Business

Self-employed are being left behind in putting away pensions savings

If you are self-employed, there are reasons why you may focus on the day to day rather than forward planning

THE number of people working for themselves and saving towards a personal pension has dropped by almost a third in the last four years, according to HMRC.

The Taylor Review showed that the number of people working for themselves had increased by a third since the start of the century.

In 2001 it was 3.3 million, it had risen to 4.81 million by 2017. Still only 13 per cent are saving for a pension.

This is compared to 68 per cent of people with workplace pensions.

Although the government are talking about extending automatic enrolment into workplace pensions to the self-employed, it has not happened yet.

If you are self-employed, there are valid reasons why you may be focused on the day to day, rather than forward planning.

Planning ahead can slip to the back of your mind when you don't have an employer to take care of it for you, and your main concern is looking after your customers.

For those working for an employer in a company, since April of this year they are obliged to pay five per cent of their salary into a pension, topped up by three per cent more by their employer. That's eight per cent of their salary going towards retirement planning, every month.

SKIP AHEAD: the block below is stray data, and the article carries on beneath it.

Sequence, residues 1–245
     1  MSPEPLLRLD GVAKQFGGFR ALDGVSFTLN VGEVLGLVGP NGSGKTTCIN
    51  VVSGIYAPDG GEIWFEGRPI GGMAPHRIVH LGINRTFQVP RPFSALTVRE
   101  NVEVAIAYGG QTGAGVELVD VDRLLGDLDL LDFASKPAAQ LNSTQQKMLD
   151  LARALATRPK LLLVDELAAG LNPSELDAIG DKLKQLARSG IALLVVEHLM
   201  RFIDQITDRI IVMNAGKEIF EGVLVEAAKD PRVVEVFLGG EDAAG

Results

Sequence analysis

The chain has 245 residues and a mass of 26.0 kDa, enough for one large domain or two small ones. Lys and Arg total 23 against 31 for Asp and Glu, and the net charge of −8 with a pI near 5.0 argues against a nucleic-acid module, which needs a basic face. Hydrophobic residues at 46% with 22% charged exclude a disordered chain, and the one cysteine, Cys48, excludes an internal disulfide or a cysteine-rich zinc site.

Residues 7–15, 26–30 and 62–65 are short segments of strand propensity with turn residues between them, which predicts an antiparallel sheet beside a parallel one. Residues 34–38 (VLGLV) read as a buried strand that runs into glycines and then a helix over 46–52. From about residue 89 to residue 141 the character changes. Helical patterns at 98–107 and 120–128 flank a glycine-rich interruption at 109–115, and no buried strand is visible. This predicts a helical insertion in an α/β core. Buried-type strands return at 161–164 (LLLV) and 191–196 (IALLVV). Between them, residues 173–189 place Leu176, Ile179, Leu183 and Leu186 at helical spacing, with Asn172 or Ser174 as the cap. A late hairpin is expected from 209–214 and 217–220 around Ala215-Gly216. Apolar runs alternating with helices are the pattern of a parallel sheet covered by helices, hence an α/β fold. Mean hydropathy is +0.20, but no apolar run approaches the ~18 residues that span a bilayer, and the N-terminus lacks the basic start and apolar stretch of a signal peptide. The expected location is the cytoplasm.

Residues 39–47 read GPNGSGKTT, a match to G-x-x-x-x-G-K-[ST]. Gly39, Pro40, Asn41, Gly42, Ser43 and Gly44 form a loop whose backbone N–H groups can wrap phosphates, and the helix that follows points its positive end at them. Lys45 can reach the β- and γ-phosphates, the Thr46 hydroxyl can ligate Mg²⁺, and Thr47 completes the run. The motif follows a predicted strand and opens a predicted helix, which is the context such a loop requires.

It's a different story if you are working for yourself. As a self-employed person, you know you have a problem when even Downing Street is worrying about you, and the residents of Number 10 and Number 11 are trying to help.

The Chancellor of the Exchequer's advisers recently said: “There are clues that all but the highest-earning self-employed workers are turning their backs on pensions.

“It's a reminder that a lot rests on the government's work where they are testing nudges to boost saving among the self-employed.”

This was based on HMRC figures that the effective tax relief granted to self-employed people was 40 per cent.

To qualify for that amount of tax relief today you have to be earning over £50,000.

This would indicate that only the higher-earning self-employed are able to take care of arranging their retirement.

The situation is exacerbated by the fact that people tend to become self-employed later in life. Research shows

that 44 per cent of all self-employed people in the UK are aged between 50 and 65. While the average age of a company employee is currently 29, the average self-employed person is 46.

Having a pension is absolutely the best way to save for later life. No other financial product gives you tax relief on your savings and ‘locks in' your savings until retirement age. You can also pay into a pension for your spouse, so that both of you benefit from tax relief and are provided for in retirement.

And if you have a spare few pounds, you could even pay up to £2,880 a year into pensions for your children, which would be stored up for them until they retire. It's called a ‘Children's Stakeholder Pension' and it comes with tax relief as well.

If you are self-employed and you haven't yet set yourself up with a pension, could this be the year to do so?

:: Michael Kennedy and Shaun Doherty are independent financial advisers and pensions specialists and can be contacted on 028 71886005. Further information on Facebook at “Kennedy Independent Financial Advice Ltd” or at www.mkennedyfinancial.com

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